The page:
Can you please show a diagram? I'm still not understanding how the 1m wave, even if that wave was at your eye level, would block the 100m building just behind it.

I'm pretty sure I got this figured out. The first premise is that the horizon is always at eye level. I'm going to operate under the assumption that he is adhering to the claim that the horizon always rises to eye level. The horizon rises to eye level the, at the point where the horizon has reached eye level there is a lone wave which is capable of obscuring more of the building than the height of the wave..



Here's an example (with observer and building both at sea level) with a wave on the horizon with the horizon rising to eye level with the building far beyond the horizon.

This helps me understand the original post but still baffles me as to what is happening when Bobby has documented this when both the camera/eye and the building are many feet above sea level.






One thing I noticed is that, even with no wave, part of the building is obscured. Leading me to believe that if something other than optics/environmental things were to blame for part of the building being obscured it would be the horizon and not waves.




Bobby,

This is something that you might be interested in. Inside of the claim that the horizon always raises to eye level who's to say that "raising to eye level" is linear.


« Last Edit: October 26, 2018, 04:51:30 PM by iamcpc »

Re: 1m Waves block 100m building
« Reply #75 on: October 29, 2018, 02:23:43 PM »
Imagine a complete flat plane.
The flat plane  almost rises up to eye level in the distant.
But there are no obstacles on the flat plane, so it doesn't cover the building.
However, there are many kinds of waves in the sea.
wind wave, swell, tide etc.
These serve as obstacles on the flat sea.
So they can cover the building.
If your eye level is at the same level of something else, that something else will never block line of sight to yet something else that's above eye level as long all those somethings reside on a flat plane. Never. Doesn't matter where you place them. You need light to bend upward or the surface to curve down (convex) in order for a 1m "wave" to obscure anything above 1m when viewed from a height of 1m.



That video is different from the ocean situation.
The sea is not an ideal plane.

Imagine an ideal flat plane.
The plane rises to an eye level at a distance.
Imagine adding waves to that.
It's not the same, but the sea is a similar situation.
« Last Edit: October 29, 2018, 02:25:44 PM by zorbakim »

Re: 1m Waves block 100m building
« Reply #76 on: October 29, 2018, 03:01:30 PM »
Imagine an ideal flat plane.
The plane rises to an eye level at a distance.
Imagine adding waves to that.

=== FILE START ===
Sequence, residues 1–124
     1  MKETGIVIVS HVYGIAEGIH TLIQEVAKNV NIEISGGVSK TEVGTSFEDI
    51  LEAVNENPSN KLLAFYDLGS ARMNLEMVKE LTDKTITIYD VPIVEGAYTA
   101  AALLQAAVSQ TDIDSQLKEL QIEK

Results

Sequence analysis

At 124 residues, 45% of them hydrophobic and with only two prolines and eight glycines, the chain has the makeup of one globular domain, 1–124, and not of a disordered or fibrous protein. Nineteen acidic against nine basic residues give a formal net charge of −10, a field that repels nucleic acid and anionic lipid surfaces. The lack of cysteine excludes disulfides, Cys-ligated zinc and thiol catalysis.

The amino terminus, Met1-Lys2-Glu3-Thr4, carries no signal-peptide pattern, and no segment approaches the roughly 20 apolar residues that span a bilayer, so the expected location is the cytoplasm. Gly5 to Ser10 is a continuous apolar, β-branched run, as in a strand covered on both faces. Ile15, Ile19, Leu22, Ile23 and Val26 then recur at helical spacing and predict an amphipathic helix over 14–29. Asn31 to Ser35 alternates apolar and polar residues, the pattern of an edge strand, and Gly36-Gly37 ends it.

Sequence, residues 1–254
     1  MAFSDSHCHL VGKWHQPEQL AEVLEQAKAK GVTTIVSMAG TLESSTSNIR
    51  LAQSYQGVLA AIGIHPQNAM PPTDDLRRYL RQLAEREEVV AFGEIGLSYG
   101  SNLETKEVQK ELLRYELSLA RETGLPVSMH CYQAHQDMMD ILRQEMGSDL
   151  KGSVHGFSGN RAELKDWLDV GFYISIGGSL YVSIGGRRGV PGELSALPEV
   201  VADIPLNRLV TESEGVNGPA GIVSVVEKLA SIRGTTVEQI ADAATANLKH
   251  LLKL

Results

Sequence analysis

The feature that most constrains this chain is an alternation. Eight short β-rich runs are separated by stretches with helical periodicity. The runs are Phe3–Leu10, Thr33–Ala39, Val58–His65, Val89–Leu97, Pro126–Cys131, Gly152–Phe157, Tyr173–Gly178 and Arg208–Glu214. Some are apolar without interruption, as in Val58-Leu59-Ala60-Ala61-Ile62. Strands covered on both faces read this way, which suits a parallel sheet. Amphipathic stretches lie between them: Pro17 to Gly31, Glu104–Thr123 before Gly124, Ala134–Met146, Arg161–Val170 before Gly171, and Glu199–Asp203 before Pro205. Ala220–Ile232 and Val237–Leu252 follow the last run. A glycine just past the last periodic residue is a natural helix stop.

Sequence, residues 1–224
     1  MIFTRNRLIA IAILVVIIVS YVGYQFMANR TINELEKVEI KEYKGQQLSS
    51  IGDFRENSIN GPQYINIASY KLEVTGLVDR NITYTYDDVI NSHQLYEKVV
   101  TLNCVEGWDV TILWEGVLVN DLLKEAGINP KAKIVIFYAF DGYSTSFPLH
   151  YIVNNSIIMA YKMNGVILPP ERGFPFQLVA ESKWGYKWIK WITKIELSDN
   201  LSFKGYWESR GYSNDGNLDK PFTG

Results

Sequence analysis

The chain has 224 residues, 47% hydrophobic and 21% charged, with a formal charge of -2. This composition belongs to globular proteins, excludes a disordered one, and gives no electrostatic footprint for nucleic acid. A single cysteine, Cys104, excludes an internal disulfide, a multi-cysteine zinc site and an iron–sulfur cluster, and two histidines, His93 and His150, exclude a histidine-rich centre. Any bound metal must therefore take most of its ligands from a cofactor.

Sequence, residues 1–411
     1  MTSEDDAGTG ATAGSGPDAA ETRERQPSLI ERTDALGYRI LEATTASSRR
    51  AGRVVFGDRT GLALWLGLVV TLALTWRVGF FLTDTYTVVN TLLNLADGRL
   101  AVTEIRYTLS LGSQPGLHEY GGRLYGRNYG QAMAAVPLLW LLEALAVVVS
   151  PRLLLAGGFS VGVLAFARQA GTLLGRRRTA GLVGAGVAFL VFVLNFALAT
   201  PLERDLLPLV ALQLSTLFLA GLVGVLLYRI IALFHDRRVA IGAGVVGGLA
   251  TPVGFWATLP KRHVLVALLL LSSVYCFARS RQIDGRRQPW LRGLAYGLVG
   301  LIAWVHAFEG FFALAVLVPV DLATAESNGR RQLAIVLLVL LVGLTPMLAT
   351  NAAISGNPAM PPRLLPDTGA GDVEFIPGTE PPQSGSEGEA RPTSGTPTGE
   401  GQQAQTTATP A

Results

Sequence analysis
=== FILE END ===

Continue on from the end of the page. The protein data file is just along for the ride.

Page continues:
It's not the same, but the sea is a similar situation.
OK. So first, a plane does not rise to eye level at a distance
You will always be looking down at an angle because no matter how far you can see, the angle theta in this diagram is not 0



Only at infinity would the angle be zero. Secondly, is the situation you're talking about the one shown in iamcpc's diagram?



If so then you have a problem. Even if the 1m wave did rise above your eye line then it will do so at a very shallow angle.
If the building was twice as far as the horizon then because of similar triangles the wave would only obscure 2m of it.
If that diagram is not what you mean then if you could supply one then it would help us all understand your ideas.
« Last Edit: October 29, 2018, 03:03:06 PM by AllAroundTheWorld »
If you are making your claim without evidence then we can discard it without evidence.

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Offline Tom Bishop

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Re: 1m Waves block 100m building
« Reply #77 on: October 29, 2018, 03:06:04 PM »
Only at infinity would the angle be zero.

Who proved this infinity? Claiming that an infinity exists in something without evidence sounds like a pretty stupid claim to me. Much like an unsubstantiated claim promoting the existence of ghosts. Totally undetected and unobserved.

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Offline Bobby Shafto

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Re: 1m Waves block 100m building
« Reply #78 on: October 29, 2018, 03:36:17 PM »
That video is different from the ocean situation.
The sea is not an ideal plane.

Imagine an ideal flat plane.
The plane rises to an eye level at a distance.
Imagine adding waves to that.
It's not the same, but the sea is a similar situation.
No. The smaller 1m obstacle is the wave. If your eye is at 1m and the wave top is at 1m, it can never be above eye level unless you lower your eye. The wave/obstacle top doesn't rise above eye level as it is moved into the distance. You can't "add the wave" to the eye level horizon. It doesn't work. Even another acclaimed FEer said:

"Find an obstacle of a known height, set it a distance away, and then set the height of your [eye] to the height of the top of the obstacle. [Your eye], object, and horizon should make a straight line. The further the objects are located from each other, the better. The horizon should line up with to top of the object..."

The 1m wave is the obstacle of known height. If the height of your eye is 1m, then the horizon is along the straight line formed by your eye and the top of the wave. If the wave is on the horizon, then it's merged into the vanishing point of the horizon. It's not "added to the horizon." For that to happen, the wave would have to defy the so-called Natural Laws of Perspective.


Re: 1m Waves block 100m building
« Reply #79 on: October 29, 2018, 03:36:28 PM »
Claiming that an infinity exists in something without evidence sounds like a pretty stupid claim to me.
Not as stupid as claiming that parallel lines meet at a finite distance as you are effectively doing
Hint: look up the definition of parallel.
Note: I mean actually meet, not "appear to".
If you are making your claim without evidence then we can discard it without evidence.